Dating planetary surfaces

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“Knowing what it is makes me excited to see it every time,” Anderson says.

What Anderson wants from these far-flung fragments of the Solar System is elementary: their ages.

Martian mysteries Robbins and co-author Brian Hynek, also of CU Boulder, sifted through huge piles of data from a number of Mars orbiters and landers to compile the new database.

"I basically analyzed maps and drew crater rim circles for four years," Robbins said.

The method has been calibrated using the ages of samples returned from the Moon.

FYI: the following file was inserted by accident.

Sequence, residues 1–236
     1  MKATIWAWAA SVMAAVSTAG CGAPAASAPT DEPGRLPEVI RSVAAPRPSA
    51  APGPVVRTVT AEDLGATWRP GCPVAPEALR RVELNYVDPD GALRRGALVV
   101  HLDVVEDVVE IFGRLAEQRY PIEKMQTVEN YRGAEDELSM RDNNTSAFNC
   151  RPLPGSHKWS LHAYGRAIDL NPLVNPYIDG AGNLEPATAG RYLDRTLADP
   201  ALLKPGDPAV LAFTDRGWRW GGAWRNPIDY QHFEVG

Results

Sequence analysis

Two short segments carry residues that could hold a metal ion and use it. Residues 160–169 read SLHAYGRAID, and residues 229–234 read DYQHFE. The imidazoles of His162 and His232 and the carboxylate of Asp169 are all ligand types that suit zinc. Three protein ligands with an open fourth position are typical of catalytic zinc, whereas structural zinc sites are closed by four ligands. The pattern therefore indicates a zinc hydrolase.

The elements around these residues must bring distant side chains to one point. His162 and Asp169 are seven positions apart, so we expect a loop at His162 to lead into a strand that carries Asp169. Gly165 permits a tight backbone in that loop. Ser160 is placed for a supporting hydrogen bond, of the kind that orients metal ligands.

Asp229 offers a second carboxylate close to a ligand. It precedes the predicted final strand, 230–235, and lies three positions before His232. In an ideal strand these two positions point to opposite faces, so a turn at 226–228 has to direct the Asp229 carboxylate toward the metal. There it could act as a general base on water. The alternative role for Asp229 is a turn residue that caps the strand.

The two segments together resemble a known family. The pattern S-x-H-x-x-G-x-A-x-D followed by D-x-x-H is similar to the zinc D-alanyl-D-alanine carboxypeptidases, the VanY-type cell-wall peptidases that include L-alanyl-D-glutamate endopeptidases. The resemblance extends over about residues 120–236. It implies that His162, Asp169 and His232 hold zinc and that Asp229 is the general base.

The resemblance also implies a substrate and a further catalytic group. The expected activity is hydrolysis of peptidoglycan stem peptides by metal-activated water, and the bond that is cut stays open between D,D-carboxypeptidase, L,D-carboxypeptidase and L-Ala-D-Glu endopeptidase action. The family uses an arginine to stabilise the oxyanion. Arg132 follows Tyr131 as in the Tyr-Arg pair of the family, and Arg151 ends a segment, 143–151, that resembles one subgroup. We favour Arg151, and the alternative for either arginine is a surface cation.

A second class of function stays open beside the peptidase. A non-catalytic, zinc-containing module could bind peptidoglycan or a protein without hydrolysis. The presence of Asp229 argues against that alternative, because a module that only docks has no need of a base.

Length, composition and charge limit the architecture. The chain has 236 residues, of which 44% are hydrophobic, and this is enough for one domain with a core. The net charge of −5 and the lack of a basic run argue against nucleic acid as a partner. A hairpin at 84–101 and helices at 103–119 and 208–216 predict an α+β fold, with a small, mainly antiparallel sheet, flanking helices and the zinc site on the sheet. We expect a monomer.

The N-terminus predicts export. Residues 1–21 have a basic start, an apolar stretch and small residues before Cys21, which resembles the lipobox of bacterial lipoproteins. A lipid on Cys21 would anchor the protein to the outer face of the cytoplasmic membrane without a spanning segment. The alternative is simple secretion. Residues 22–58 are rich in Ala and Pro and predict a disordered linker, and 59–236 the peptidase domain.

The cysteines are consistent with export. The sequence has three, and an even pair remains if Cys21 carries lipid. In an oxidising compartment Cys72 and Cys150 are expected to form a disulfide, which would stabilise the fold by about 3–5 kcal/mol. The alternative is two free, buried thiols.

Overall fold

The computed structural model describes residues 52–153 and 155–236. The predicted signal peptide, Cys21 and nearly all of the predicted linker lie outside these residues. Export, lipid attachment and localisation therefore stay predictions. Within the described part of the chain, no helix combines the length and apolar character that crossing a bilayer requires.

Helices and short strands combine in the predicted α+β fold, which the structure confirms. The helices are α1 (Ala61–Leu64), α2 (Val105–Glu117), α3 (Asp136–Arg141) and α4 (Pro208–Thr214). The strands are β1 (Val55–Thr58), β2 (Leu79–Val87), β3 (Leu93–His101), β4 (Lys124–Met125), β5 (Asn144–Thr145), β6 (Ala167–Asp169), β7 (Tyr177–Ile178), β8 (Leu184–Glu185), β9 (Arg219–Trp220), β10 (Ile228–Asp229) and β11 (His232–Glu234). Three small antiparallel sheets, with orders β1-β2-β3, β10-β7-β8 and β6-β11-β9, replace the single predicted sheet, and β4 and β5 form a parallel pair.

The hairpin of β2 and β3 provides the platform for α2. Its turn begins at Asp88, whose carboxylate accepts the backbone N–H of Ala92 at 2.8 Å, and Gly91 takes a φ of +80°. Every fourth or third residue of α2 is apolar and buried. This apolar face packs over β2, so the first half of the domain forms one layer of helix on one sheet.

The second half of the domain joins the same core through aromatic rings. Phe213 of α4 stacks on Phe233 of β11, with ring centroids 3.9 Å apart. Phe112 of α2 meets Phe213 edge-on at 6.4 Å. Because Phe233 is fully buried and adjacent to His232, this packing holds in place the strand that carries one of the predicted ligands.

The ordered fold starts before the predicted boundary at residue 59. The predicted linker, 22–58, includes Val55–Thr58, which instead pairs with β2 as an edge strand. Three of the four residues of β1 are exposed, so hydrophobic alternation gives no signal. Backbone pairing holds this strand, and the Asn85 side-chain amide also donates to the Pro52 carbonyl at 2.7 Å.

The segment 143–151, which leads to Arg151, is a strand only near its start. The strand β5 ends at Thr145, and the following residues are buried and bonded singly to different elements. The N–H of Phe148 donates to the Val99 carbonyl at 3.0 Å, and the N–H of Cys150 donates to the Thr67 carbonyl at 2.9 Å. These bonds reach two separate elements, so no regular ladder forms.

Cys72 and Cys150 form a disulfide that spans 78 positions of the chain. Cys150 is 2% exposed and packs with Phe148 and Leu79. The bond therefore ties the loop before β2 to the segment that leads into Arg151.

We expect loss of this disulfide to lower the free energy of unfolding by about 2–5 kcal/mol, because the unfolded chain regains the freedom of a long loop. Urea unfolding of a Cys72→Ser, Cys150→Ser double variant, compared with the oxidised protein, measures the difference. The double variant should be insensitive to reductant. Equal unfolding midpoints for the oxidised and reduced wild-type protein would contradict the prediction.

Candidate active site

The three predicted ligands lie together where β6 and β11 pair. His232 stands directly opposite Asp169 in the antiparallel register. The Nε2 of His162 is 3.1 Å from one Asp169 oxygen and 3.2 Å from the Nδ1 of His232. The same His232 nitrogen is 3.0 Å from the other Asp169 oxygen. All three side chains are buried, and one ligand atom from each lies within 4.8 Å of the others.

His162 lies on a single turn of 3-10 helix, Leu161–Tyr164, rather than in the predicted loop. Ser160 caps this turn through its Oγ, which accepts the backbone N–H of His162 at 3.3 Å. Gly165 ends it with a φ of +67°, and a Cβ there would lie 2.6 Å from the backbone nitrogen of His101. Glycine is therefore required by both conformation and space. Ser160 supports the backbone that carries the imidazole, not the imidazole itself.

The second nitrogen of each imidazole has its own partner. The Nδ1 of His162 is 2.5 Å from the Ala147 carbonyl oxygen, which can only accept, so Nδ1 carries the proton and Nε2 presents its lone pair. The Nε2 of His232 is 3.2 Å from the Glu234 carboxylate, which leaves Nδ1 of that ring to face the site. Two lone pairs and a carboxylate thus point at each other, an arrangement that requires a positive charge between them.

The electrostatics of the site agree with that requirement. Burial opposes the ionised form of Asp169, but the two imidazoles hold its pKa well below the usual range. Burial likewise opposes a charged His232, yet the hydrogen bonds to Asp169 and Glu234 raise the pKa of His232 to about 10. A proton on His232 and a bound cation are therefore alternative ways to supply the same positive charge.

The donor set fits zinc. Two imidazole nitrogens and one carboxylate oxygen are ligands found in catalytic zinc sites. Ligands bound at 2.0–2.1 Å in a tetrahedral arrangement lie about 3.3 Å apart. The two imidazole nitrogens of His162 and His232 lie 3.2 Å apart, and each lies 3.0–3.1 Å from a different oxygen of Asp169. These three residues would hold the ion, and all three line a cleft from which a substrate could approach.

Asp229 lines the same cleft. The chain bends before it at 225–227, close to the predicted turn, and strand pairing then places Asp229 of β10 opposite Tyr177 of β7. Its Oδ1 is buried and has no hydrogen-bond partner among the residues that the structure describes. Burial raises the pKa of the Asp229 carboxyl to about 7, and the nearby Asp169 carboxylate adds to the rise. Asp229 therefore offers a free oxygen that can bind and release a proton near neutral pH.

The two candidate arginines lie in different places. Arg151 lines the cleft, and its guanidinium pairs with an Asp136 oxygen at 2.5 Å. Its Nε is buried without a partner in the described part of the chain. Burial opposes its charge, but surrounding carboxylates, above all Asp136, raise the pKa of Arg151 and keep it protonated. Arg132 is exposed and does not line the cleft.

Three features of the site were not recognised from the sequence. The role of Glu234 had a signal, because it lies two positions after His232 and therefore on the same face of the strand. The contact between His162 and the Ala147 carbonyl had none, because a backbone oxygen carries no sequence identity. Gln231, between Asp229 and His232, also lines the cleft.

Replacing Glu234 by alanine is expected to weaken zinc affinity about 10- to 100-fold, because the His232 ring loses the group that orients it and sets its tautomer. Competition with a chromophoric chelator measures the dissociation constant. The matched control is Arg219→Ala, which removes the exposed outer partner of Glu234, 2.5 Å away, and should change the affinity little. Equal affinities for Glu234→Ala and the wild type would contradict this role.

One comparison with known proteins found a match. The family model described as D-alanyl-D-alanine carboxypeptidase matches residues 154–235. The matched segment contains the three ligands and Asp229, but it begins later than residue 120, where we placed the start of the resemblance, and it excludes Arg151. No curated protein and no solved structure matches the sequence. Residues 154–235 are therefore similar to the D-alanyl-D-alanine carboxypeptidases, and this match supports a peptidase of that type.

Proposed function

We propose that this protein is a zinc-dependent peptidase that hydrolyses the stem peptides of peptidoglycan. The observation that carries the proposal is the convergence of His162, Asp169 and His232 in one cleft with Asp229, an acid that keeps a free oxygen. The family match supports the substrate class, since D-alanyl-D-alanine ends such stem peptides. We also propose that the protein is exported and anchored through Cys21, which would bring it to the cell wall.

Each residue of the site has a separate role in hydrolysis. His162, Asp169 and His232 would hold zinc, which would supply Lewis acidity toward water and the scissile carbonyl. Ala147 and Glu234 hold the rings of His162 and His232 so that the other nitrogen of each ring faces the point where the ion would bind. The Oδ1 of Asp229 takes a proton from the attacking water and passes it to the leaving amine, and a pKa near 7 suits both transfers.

The accuracy of age estimates of geologically young surfaces based on crater counting on Mars has been questioned due to formation of large amounts of secondary craters.John Grotzinger is the project scientists of MSL and leader in the interpretation of sedimentological processes and history on Mars, John Eiler is interested in isotopic geochemistry, especially as applied to understanding origin and evolution of planets (including earth) and Mike Lamb studies surface processes, including Mars sedimentology.Ken Farley is working on in situ dating of planetary surfaces.The bits of rock on Scott Anderson's shelf are not much to look at, but they have stories to tell.In a plastic case is a greenish-grey rock, a 4.5-billion-year-old piece of the asteroid Vesta.It highlights the violent history of Mars and could also help scientists address a number of questions about the Red Planet.

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